There’s a word for it … evolution!

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I have had more time to just be in the Forest Garden this month, observing everything that’s going on – and there’s a lot! It’s so pleasing to see the developments, even though to the casual observer it may seem that not much has changed (it still looks like a field!). Living in and among and around the garden I notice how much has happened in the three years since the Project began. And especially this month, I have suddenly realised that what I’m witnessing is the ‘constant evolution’ in the sub-heading to the website’s title. I’m not even sure if I fully realised when I wrote that what it could really mean!

For example, I’m seeing more bugs, beetles and insects in general, and evidence of mycelial networks, this year than before – mushrooms, the caterpillars mentioned below, but also grubs rolled up in tree leaves and ladybirds and beetles to feed on them. It’s good to realise this is happening and that the natural cycles of plant and insect ecosystems and food chains that I know will come, are beginning to get established.

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Time for a rest …

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The predominant feeling this month has been one of shutting down. It’s obviously something that we know happens, but being so closely involved with Nature’s processes in the forest garden here, it has struck me more than ever how remarkable this is, and how clear the change is. That having made the supreme effort of growing, flowering and fruiting over the last six or seven months, both the land and the plants need to rest and marshal their resources for the next season.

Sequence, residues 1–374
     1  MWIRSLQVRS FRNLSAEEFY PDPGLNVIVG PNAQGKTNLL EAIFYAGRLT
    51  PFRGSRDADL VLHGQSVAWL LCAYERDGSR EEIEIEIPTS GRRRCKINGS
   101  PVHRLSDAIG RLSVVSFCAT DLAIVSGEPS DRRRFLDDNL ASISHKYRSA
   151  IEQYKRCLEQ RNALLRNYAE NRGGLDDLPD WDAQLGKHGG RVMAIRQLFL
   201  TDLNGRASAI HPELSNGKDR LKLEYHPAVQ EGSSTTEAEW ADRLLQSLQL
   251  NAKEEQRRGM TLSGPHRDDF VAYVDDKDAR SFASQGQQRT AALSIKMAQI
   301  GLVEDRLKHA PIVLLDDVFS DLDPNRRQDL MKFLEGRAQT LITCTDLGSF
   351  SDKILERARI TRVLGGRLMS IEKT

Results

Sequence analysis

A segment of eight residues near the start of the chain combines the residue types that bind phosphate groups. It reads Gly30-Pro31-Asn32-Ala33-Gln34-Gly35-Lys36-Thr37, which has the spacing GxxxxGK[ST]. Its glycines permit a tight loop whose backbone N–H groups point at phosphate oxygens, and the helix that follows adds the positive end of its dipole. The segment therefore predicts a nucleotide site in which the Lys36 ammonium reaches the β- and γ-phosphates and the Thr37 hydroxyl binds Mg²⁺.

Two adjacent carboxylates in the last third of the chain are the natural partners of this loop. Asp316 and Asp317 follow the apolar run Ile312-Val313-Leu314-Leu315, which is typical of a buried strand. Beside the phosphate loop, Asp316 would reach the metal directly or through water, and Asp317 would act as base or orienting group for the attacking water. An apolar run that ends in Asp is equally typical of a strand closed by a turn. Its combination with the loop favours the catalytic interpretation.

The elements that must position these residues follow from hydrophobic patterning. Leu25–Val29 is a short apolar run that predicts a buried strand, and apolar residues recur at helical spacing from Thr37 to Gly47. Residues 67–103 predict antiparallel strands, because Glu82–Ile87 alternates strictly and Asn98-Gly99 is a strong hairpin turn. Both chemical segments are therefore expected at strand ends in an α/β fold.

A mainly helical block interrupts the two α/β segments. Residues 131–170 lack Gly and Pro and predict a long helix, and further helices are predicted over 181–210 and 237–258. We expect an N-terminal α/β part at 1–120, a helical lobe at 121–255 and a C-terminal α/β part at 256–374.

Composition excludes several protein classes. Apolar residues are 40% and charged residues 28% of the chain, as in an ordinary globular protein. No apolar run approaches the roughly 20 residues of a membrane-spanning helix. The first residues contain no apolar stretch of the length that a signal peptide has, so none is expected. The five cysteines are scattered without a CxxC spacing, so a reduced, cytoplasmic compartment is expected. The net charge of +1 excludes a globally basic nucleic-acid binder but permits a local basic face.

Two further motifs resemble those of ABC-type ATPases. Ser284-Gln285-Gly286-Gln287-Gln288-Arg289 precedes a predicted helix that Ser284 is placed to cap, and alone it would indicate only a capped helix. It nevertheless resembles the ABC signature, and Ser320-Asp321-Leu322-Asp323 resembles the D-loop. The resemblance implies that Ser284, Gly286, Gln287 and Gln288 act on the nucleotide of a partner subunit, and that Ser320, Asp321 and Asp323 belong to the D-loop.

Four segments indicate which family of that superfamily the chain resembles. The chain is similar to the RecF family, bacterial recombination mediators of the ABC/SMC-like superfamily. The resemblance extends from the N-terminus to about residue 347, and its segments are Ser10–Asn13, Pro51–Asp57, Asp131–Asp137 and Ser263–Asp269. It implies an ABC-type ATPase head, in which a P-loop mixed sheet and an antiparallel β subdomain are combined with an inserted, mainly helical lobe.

For this reason, I have decided to suspend the wild flower census until maybe February, when the winter crocuses should show themselves again. There have been a few individual flowers, such as dandelion or clover, with the mild weather we have been having (see below), but really nothing to speak of. They too are having a well-deserved break!

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Drought, harvest … and lizards!

The weather has to be the main topic of this month’s blog. It has been very dry, but we have also had heat peaks of just under 40°C. These have stressed my plants considerably, but it is the underlying dryness of the land which is the main concern; in sum, we have had three months of drought, and it will be interesting to see if we get any significant rainfall in September.

We have had 50mm of rain, but half of that fell in the last four days of the month, plus a further 11mm on the 22nd. We had a short canicule (Blog post, August 1st) during the second week of August, but after that it became cooler and by the last week it was time for trousers and shoes again.

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